The rise of intangible over tangible assets, real estate bubbles and financialisation are among the stylized facts of what has come to be called rentier capitalism. An era within capitalism in which rent-seeking and predatory capital drive increasing inequality and hamper productive investment and innovation. Everywhere in the economy we see various forms of rents becoming increasingly prominent: from ground rents in urban areas and cities, to intellectual and property-rights rents in pharmaceutical and ICT industries (among others) and, to a greater extent, the so-called financialisation of the economy that has relocated the old financial rentierism at the center of the stage.
Coming ahead of the resilience of traditional natural resources rents, the expansion of these rising rents considerably drag on the trajectory of capitalism. What are the overall effects of these rents on global and national economies? Can we clearly differentiate rents from traditional profits? Are these forms of rent changing the nature of contemporarycapitalism? What are the similarities and differences with other moments in history? What type of legal measures and policies could revert rentier capitalism? What are –if any- the differential effects of rentier capitalism between core and peripheral regions? These and other questions motivate the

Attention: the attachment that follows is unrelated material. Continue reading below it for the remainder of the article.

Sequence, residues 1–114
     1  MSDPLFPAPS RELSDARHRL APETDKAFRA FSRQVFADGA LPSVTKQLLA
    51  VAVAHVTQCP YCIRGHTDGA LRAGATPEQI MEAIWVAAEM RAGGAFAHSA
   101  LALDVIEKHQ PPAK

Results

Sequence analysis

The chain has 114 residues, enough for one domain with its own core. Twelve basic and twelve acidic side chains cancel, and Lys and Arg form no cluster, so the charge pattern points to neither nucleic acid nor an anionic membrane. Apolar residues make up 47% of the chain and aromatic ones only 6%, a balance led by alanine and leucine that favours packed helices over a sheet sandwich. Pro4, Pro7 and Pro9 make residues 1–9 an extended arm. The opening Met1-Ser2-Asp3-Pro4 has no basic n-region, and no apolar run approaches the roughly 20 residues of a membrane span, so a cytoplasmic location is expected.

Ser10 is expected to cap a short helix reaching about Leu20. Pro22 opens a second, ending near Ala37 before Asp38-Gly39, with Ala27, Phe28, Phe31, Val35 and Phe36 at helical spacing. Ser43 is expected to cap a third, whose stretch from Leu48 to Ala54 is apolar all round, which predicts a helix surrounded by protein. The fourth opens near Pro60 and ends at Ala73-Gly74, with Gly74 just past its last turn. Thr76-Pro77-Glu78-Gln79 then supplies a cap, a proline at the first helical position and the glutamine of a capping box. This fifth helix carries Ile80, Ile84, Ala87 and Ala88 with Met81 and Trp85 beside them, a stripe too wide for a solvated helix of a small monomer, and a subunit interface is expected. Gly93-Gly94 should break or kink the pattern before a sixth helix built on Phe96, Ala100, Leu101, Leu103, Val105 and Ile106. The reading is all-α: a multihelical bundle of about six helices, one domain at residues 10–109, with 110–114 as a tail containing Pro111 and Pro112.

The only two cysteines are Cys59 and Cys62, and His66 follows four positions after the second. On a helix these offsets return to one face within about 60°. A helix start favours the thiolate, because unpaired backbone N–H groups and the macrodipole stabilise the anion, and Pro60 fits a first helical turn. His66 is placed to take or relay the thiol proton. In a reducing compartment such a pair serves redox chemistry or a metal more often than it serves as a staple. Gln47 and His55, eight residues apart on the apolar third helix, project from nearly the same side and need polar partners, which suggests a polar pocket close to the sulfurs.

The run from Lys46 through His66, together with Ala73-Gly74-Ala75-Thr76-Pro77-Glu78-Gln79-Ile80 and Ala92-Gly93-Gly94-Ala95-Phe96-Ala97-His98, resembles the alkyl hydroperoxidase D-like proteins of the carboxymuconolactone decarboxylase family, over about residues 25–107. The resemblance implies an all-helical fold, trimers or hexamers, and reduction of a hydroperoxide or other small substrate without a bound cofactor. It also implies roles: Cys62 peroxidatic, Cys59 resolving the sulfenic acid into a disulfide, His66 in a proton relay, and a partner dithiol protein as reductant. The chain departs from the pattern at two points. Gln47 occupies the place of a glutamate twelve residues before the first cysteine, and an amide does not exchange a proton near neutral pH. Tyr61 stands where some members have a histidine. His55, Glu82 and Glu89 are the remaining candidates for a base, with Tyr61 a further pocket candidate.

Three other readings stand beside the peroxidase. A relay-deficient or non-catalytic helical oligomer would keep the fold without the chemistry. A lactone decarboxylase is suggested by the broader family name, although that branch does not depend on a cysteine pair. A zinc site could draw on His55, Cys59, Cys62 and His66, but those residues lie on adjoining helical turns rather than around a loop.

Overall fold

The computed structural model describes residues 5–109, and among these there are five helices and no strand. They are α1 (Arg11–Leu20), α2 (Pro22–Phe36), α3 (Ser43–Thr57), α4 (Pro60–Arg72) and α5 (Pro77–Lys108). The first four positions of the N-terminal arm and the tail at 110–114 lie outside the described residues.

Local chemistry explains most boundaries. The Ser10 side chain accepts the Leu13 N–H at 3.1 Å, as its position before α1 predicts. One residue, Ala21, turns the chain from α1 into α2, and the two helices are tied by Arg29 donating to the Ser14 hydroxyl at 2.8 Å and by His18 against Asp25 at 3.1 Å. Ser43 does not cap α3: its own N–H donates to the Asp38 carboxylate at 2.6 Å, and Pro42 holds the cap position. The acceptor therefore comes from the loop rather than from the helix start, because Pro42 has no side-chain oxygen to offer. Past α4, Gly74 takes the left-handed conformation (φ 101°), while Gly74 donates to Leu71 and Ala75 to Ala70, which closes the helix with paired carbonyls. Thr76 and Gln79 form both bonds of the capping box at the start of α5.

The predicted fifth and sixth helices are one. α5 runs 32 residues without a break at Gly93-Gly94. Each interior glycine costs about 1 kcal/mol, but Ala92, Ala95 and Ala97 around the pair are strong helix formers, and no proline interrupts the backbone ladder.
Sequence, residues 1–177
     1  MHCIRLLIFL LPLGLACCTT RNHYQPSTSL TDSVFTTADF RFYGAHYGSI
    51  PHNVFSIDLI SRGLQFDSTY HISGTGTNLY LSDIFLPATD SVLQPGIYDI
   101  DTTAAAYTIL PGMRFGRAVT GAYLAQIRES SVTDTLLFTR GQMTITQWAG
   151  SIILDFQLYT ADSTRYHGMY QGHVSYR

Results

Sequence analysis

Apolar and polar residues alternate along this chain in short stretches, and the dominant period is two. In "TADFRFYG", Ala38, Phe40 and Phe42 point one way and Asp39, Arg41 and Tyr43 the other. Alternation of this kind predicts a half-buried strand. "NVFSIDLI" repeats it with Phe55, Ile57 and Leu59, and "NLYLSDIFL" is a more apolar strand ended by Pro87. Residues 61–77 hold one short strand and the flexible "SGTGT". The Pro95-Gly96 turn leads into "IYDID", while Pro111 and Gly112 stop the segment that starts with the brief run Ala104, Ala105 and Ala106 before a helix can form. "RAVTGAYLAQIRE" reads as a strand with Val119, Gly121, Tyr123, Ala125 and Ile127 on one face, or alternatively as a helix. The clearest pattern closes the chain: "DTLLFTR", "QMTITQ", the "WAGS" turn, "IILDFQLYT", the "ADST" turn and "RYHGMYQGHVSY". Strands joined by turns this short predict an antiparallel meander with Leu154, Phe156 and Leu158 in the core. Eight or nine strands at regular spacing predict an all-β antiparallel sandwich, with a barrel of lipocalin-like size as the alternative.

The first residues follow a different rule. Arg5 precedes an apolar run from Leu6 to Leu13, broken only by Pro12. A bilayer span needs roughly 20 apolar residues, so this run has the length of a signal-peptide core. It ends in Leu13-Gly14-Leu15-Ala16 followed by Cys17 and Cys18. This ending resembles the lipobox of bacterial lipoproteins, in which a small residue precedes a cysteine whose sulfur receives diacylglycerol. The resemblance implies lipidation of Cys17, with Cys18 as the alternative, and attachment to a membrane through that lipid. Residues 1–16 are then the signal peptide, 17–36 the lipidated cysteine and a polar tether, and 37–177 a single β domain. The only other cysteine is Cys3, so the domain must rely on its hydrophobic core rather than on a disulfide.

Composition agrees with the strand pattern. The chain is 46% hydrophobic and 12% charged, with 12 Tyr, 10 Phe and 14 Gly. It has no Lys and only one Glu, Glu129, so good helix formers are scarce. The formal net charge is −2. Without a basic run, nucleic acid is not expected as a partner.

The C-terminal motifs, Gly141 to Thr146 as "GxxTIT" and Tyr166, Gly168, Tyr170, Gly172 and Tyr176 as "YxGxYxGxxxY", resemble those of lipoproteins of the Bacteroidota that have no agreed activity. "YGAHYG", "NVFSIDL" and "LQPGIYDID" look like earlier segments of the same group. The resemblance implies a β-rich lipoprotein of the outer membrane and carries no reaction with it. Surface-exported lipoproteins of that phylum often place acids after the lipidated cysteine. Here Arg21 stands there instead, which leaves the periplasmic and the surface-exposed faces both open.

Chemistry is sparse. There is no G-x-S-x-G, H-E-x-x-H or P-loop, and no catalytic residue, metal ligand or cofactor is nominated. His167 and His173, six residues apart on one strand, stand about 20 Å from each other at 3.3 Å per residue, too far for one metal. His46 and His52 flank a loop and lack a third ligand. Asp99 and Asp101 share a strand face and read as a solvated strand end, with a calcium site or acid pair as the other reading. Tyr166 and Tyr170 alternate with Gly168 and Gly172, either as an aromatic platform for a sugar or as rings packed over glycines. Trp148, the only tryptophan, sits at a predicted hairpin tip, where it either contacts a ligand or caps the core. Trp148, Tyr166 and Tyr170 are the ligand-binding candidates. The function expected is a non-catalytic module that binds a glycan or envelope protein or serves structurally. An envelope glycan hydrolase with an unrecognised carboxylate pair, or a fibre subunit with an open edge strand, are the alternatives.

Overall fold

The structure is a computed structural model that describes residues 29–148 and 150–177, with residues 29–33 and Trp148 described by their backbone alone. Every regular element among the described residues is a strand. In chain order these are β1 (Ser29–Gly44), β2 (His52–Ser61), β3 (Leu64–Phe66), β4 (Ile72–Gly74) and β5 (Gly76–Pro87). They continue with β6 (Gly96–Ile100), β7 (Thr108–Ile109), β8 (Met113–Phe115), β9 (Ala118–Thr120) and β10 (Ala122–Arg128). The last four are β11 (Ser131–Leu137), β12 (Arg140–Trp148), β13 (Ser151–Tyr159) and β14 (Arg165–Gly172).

organization of this workshop on rentier capitalism. Not only contemporary analysis will be welcomed but also explorations on how the concept of rent has evolved throughout economic thought and in economic history.
This workshop aims at gathering young and senior scholars working on the aforementioned topics in order to present our findings and, by using knowledge stations, build a joint research agenda that will be followed up with a webinar series after the workshop.
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